|Publication number||US3805535 A|
|Publication date||Apr 23, 1974|
|Filing date||Jun 23, 1972|
|Priority date||Jun 25, 1971|
|Also published as||CA944967A, CA944967A1, DE2230238A1|
|Publication number||US 3805535 A, US 3805535A, US-A-3805535, US3805535 A, US3805535A|
|Inventors||Van Weele A|
|Original Assignee||Van Weele A|
|Export Citation||BiBTeX, EndNote, RefMan|
|Patent Citations (2), Referenced by (11), Classifications (15)|
|External Links: USPTO, USPTO Assignment, Espacenet|
iinited States Patent [1 1 Van Weele Apr. 23, 1974 METHOD FOR FORMING A BODY OF CONCRETE OR SIMILAR MATERIAL IN THE SOIL lnventor: Abraham Francois Van Weele,
Brugweg 78, Waddinxveen, Netherlands Filed: June 23,1972
Appl. No.2 265,487
ForeignApplication Priority Data June 25, 1971 Netherlands 7108860 us. Cl 1/5352, 61/53.6, 61/5164,
, 6l/53.7 Int. vCl E0211 5/38, E02d 5/60 Field of Search. 6l/53.64, 53.52, 53.6,
References Cited UNITED STATES PATENTS 2/1970 Lamberton 61-/53.52
3,611,735 10/1971 Daczko ..61/53.64
Primary ExaminerJac'ob Shapiro Attorney, Agent, or Firm--McGlew and Tuttle  ABSTRACT A method of forming a body of concrete or similar material in the soil comprises the steps of making a hole in the soil, lowering into said hole a bag having a shape corresponding to that of the body to be formed and made of a flexible material which is waterpermeable but substantially blocks the passage of the solid particles of the (concrete) mortar and filling said bag with the (concrete) mortar, whereby the bag is subjected to vibrations either during and/or directly after the filling.
6 Claims, 3 Drawing Figures PATENTEDAPR 23 I974 FIG.2
1 METHOD FOR FORMING A BODY OF CONCRETE OR SIMILAR MATERIAL IN THE SOIL SUMMARY OF THE INVENTION BACKGROUND AND PRIOR ART The use of bags when forming concrete bodies, usually piles, in the soil is well known in the art. A main reason for the use of a bag is to obtain a casing and/or to keep the (concrete)-mortar from direct contact with the surrounding soil particles or with the underground water, respectively, in order to avoid the detrimental influences of soil particles, or of the underground water, respectively, on the quality of the ultimate body.
The art according to U.S. Pat. No. 3,396,545 recognizes that, that with a suitable selection of the material of the bag and particularly with a suitable choice of the mesh size of e.g., a polyamide fabric, the bag may function as a filter which tends to retain the solid particles of the still flowing (concrete) mortar but permits the passage of the water therein. The advantage of such a filtering effect is to be seen in that the water-cement factor is substantially reduced before the mortar begins to set up. Due to this, the quality of the ultimate body is improved. On the other hand, however, a relatively high water-cement factor facilitates the transportation and the casting of the (concrete) mortar. According to the teaching of the above mentioned U.S. patent, the mortar may thus be handled and put into place with a relatively high water-cement factor, while the setting process may still take place with a low water-cement factor. I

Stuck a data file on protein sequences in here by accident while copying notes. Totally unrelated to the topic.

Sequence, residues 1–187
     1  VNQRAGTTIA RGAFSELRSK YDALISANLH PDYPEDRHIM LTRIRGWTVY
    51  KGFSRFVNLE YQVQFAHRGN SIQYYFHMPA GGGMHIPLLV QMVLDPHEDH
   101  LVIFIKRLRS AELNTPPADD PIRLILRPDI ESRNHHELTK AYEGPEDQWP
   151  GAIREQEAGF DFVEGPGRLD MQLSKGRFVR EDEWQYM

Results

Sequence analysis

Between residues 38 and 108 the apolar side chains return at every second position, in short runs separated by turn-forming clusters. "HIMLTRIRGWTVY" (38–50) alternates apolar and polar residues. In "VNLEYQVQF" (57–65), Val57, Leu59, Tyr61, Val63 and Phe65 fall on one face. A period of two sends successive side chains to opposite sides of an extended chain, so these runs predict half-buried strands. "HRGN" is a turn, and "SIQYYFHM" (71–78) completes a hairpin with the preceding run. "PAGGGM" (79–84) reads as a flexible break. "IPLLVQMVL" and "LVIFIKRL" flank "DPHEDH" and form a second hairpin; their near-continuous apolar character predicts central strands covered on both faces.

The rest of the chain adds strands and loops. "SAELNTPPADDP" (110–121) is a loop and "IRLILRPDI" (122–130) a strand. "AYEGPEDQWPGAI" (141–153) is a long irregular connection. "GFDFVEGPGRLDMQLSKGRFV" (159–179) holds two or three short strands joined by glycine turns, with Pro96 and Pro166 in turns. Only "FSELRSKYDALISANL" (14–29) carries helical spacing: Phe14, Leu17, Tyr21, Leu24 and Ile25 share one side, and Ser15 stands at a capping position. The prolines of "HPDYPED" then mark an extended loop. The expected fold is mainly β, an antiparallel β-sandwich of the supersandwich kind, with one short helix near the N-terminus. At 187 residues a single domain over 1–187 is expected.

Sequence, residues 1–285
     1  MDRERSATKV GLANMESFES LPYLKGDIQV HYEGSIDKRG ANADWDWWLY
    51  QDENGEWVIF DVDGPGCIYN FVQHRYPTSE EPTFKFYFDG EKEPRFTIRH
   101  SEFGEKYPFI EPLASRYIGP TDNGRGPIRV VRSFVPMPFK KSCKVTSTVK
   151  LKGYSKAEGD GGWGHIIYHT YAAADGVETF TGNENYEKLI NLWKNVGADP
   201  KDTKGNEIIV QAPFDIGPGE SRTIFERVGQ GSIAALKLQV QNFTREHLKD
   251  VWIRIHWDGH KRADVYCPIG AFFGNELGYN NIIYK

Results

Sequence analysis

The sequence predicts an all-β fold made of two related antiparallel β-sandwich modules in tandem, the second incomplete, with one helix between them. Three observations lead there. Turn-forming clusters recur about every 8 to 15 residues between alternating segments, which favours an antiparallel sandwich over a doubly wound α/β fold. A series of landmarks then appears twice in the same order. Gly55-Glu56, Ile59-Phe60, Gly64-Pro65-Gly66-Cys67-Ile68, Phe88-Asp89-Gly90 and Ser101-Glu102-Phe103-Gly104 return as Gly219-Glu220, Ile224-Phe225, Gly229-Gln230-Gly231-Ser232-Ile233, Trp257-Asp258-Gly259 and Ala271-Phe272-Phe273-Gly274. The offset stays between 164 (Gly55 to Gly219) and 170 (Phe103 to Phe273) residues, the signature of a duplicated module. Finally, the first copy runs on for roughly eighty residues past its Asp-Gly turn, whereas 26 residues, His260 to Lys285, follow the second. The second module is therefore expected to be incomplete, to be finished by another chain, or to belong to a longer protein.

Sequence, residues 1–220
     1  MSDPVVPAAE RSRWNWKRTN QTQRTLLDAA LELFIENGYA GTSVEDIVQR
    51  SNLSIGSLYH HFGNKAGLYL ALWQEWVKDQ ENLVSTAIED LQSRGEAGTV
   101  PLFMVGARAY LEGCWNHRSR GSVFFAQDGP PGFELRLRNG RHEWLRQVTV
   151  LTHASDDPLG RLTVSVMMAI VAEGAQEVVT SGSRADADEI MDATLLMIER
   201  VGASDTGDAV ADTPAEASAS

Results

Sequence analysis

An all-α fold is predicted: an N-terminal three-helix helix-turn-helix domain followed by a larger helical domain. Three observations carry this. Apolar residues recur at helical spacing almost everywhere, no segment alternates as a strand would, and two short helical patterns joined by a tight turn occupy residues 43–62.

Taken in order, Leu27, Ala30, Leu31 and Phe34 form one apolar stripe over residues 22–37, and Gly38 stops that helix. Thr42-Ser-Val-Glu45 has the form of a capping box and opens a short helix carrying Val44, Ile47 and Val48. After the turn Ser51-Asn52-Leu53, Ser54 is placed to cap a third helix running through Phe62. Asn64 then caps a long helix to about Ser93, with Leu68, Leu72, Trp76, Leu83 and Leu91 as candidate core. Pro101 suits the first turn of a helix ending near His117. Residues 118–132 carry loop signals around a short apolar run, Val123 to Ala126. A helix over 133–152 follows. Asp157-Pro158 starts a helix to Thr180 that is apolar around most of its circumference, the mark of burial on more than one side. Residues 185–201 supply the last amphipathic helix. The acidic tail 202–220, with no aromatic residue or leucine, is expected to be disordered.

A complicating factor, however, is to be seen in that according to the prior art teaching, the mortar has to be introduced under arelatively high pressure and has to be keptunder saidpressure thereafter during some time in order to have the filtering action take place with certainty prior to the start of the setting process. With DESCRIPTION OF THE INVENTION Now according to the present invention, the above described filtering action may be promoted or made less dependent on the pressure applied to the mortar respectively by subjecting the casting bag to vibrations either during and/or directly after filling. Due to the vibrations, the contents of the bag reach a more fluidized condition. As a consequence the water in the mortar becomes less firmly bonded to the solid particles and is permitted to flow off towards the surrounding soil. The filtering bed of the solid particles of the mortar which, according to the theory of the said prior art U.S. patent is, formed interiorly of the bag wall will, due to the vibration, be brought in a less static condition. By this means the water is readily released and permitted to pass without the filter bed particles themselves passing through the bag wall. Moreover, this effect is uniform through the full depth of the casting bag so that the vertical dimensions of the body to be formed do no longer constitute a limiting factor as with the well-known method used up till now. Experiments have been made, whereby pile bodies formed in accordance with the teachings of the present invention, showed a substantially constant improvement of mechanical strength. This could not be explained only by the improved packing of the material due to the vibration. Therefore, this clearly indicated a uniform filtering effect along the complete length of the casting bag.
For effecting the vibrations a number of needle shaped vibration means may be driven in closely along the exterior of the filled bag and/or into the bag.